Security vulnerabilities in open source and GDPR implications
Open source components are present in an enormous percentage of applications in numerous firms. What does the security overview of open source look like just moments before the GDPR enforcement?
The Black Duck report is here, raising some serious concerns as the big GDPR enforcement day approaches. Conducted by the Synopsys Center for Open Source Research and Innovation (COSRI), the Synopsis Open Source Security Risk Analysis (OSSRA) report examines the findings from the anonymized data of over 1,100 codebases audited in 2017.
But without further ado, let’s dive into the results.
It is no news that a wide range of industries and organizations rely on open source applications or application components. And what is also not news it why this is the case; low costs, speed, accelerated innovation, developer productivity, the list goes on and on. Among the applications scanned for the Black Duck On-Demand audits, 96% of them had open source components while the average percentage of open source codebase was 57%!
As the report also argues, open source being more or less secure than custom code is hardly the case. It is a fact, however, that some open source characteristics feature certain vulnerabilities that are very attractive to attackers.
As opposed to commercial software, open source does not automatically push updates to users and users are responsible for keeping track of updates, bugs, fixes and vulnerabilities. In most cases, a company does not use a single open source application but rather multiple ones. That can raise a challenge when trying to keep track of all open source it uses and, therefore, it gets even more challenging to defend against common attacks targeting known vulnerabilities.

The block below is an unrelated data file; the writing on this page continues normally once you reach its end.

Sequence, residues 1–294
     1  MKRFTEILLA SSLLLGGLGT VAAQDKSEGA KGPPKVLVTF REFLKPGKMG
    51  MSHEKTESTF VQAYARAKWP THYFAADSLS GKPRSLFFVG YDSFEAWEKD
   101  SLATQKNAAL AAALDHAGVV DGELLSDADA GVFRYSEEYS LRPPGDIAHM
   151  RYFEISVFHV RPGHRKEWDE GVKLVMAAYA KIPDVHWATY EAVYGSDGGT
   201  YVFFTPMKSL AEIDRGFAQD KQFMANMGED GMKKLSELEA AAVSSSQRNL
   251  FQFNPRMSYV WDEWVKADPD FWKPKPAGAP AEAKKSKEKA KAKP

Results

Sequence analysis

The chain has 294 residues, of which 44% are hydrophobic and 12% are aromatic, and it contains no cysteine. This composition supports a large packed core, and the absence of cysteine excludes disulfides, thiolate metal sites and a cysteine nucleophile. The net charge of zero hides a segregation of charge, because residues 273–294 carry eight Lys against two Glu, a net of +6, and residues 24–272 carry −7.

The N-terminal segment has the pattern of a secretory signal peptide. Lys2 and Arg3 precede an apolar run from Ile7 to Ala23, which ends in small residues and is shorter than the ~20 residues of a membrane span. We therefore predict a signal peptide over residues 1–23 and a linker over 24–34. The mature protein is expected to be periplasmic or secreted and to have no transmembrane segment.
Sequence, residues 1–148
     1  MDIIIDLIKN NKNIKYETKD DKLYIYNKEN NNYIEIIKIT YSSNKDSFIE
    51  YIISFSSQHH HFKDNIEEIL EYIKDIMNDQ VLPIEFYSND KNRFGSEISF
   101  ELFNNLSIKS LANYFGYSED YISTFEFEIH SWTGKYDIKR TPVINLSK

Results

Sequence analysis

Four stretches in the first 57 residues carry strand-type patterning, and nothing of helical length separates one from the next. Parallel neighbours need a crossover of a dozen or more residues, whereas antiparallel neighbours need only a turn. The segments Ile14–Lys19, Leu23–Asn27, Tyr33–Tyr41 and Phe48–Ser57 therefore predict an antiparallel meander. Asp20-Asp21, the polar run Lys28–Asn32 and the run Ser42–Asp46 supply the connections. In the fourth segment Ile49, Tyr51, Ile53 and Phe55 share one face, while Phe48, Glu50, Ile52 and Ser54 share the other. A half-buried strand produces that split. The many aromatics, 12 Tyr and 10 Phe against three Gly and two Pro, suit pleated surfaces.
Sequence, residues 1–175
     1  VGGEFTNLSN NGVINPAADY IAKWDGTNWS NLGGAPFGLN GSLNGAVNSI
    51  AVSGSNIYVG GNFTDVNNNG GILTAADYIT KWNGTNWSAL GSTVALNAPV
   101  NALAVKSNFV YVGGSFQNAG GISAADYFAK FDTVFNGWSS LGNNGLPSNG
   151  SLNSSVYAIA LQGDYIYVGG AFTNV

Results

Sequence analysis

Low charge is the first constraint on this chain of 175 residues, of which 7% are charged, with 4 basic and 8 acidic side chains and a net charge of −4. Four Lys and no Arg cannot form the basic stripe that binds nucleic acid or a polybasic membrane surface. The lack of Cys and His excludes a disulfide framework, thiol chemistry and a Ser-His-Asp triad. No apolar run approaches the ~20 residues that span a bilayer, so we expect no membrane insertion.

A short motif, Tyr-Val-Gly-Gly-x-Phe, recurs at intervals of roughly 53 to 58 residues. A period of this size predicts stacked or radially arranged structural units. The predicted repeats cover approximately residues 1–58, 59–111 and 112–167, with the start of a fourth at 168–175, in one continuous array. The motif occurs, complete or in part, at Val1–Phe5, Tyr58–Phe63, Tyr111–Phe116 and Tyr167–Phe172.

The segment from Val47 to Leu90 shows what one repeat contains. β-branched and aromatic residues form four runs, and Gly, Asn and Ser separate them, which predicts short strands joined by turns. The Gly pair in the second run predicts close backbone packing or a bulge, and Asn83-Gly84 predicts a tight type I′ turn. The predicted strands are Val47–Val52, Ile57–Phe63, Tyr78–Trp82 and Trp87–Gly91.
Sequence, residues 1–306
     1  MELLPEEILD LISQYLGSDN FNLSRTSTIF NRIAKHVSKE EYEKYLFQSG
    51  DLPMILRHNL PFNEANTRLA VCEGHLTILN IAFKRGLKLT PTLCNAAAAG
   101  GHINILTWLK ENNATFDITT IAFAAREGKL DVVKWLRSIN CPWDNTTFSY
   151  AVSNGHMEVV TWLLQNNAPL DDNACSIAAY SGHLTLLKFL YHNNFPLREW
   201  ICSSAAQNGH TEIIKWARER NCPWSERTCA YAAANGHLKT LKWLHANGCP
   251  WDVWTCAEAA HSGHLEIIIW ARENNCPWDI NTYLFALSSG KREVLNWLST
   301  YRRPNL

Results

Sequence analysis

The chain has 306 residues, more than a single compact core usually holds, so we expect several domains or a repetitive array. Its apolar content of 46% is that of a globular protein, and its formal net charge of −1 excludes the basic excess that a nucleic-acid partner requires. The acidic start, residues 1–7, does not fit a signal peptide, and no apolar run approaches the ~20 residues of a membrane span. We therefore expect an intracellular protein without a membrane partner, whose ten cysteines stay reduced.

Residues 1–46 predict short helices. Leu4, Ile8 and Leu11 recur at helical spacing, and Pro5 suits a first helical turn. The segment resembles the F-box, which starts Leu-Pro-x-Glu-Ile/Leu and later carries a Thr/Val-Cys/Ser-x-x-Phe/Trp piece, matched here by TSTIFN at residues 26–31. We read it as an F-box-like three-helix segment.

To talk some numbers, over 4,800 open source vulnerabilities were reported in 2017, noting an increase of 134% since 2016, while the report documents an average of 64 vulnerabilities per codebase. The 85% of the codebase audited for the OSSRA report, had either license conflicts or unknown licenses while 17% of the codebases contained a highly publicized vulnerability such as Heartbleed, Logjam, Freak, Drown and Poodle.
Speaking of vulnerabilities, over 54% of the vulnerabilities found in audited codebases are considered high-risk ones with the most common vulnerability being CVE-2016-9878, found in the Pivotal Spring Framework, which also appeared in 13% of the codebases.
As explained in the report “Open source components are governed by one of about 2,500 known open source licenses, many with obligations and varying levels of restriction. Failure to comply with open source licenses can put businesses at significant risk of litigation and compromise of IP.” Yet, the lack of compliance is one of the major risks associated with open source.
Another issue in relevance to open source licenses is the fact that not all teams publishing free software use licenses for their projects. Most interestingly, GitHub introduced the ability to attach a license to a project only a few years ago.
Given the large number of open source components used by companies, as discussed above, it is often extremely difficult for organizations to keep track of the respective number of license obligations with the traditional spreadsheet method, leading to license conflict issues. According to the report, 74% of the audited codebases contained license conflicts.
GDPR enforcement is almost upon us and the sanctions for non-compliance firms and organizations can be disastrous. The Black Duck OSSRA report depicts some worrying security issues in open source that can cause significant problems for open source users in the age of GDPR.
It remains to be seen how the community will tackle this issues.